Fertility and Household Labour in Tanzania: Demography, Economy, and Society in Rufiji District, C.1870-1986

Fertility and Household Labour in Tanzania: Demography, Economy, and Society in Rufiji District, C.1870-1986

Fertility and Household Labour in Tanzania: Demography, Economy, and Society in Rufiji District, C.1870-1986

Fertility and Household Labour in Tanzania: Demography, Economy, and Society in Rufiji District, C.1870-1986

Synopsis

This book is an interdisciplinary study of the way in which human reproduction interweaves with the reproduction of society and economy in coastal Tanzania. Combining demography, history, and sociology, and with a breadth of theoretical discussion and empirical detail, it offers a new methodology for the study of African fertility and the role of household demography in agrarian economies. Part I provides a political economy of changing fertility. Demographic patterns are situated within the wider social and economic context, in particular the transformation of marriage in relation to kinship and local political structures, and child-spacing dynamics rooted in the moral exonomy of gender. In Part II, the author examines the implications of demographic patterns for people's work-loads and economic fortunes at the individual and household level. Based on extensive field-work in a Tanzanian village, the analysis shows the importance of women's involvement in rice cultivation, and the fluidity of life cycles.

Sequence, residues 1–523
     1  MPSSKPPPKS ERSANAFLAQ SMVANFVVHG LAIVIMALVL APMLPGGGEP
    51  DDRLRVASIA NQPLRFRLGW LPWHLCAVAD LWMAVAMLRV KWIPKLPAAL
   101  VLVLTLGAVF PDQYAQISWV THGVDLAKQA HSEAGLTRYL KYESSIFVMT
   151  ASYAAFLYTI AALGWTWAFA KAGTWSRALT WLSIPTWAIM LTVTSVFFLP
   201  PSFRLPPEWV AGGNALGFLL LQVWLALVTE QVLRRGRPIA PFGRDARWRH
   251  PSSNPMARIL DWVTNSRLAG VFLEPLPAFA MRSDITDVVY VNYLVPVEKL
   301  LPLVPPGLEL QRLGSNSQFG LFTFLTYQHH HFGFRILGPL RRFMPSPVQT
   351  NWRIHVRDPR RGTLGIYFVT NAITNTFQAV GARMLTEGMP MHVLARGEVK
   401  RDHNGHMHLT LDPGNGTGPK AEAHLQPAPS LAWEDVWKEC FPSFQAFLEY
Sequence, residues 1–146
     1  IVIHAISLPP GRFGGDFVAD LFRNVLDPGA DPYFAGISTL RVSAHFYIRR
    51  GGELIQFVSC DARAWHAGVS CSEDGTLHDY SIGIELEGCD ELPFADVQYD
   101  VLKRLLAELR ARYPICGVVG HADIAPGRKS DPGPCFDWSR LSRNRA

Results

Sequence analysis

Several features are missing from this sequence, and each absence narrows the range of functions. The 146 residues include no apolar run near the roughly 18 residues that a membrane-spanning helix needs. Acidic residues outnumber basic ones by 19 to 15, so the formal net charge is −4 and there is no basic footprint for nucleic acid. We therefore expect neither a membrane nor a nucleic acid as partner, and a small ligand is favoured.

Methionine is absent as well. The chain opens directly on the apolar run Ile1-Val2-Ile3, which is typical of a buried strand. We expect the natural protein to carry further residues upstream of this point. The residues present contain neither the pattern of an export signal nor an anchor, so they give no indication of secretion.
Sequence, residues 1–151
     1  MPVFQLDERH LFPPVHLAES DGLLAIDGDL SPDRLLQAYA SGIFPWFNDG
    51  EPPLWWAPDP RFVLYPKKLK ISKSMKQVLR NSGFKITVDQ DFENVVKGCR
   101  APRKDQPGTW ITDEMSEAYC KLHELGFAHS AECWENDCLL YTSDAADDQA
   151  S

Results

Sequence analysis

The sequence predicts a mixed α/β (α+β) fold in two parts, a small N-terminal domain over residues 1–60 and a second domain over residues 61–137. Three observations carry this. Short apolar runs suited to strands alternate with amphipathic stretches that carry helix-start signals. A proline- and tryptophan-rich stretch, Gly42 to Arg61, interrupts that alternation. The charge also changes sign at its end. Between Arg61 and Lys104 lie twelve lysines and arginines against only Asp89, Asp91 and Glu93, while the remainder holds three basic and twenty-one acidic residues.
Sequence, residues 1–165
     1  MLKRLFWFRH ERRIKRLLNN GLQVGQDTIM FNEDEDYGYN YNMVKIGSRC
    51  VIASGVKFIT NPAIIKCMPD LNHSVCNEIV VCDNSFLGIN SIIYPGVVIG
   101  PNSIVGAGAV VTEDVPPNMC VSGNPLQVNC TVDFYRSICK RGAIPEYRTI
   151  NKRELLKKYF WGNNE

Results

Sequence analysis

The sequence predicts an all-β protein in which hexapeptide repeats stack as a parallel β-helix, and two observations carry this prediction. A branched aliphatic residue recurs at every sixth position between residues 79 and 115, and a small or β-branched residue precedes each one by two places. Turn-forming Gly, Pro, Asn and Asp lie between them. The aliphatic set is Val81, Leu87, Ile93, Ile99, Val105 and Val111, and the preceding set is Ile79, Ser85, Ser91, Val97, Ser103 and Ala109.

Excerpt

This book is a study of human, social, and economic reproduction in Rufıji, a district of coastal Tanzania. It contains two parts, each of which addresses a particular question. In the first half I ask how fertility in Rufıji changed over the twentieth century, and what social and economic transformations were involved. In the second half, attention shifts to one village, Mng'aru, and I examine the influence of household demography on the work patterns of men and women.

A guiding theme through the book is a particular approach to the study of reproduction. In this sense, although also an historical and sociological description of Rufıji, the work is at another level an attempt to develop and apply a set of methods for analysing reproduction. Particular notions of reproduction are central to the treatment of history and economy here.

Defining Reproduction

What, then, is 'reproduction'? The term is often used as synonymous for the biological processes of birth and death. However, it can and has also been used to refer to a much wider range of processes--indeed any process involving renewal.

My original impulse to investigate human reproduction did not come through demography, but rather through a desire to understand the day- to-day burdens of domestic work for women in rural Africa, and to locate that understanding within the wider structures of national and world economies. Among the factors influencing the situation of rural African women, child- bearing and rearing appeared to loom large. Furthermore, explanations of high fertility seemed to be tied up with a multitude of other social phenomena and structures: modernization, colonial exploitation, women's education, women's status, the control of men over women, and the exchange of the latter between corporate kin groups, the labour and security value of children.

One writer who paid particular attention to the articulation of domestic relations in Africa, including fertility and marriage, with wider economic structures, was Claude Meillassoux (1981, 1983). Merging Marxist concerns of exchange, production and exploitation with Lévi-Strauss's analysis of kinship, Meillassoux developed the notion of the 'domestic community', in which the labour of junior men and the reproductive powers of women were controlled and exchanged by senior men. Colonial capitalism entered, but did not destroy, the domestic community, producing new strains and greater levels of exploitation.

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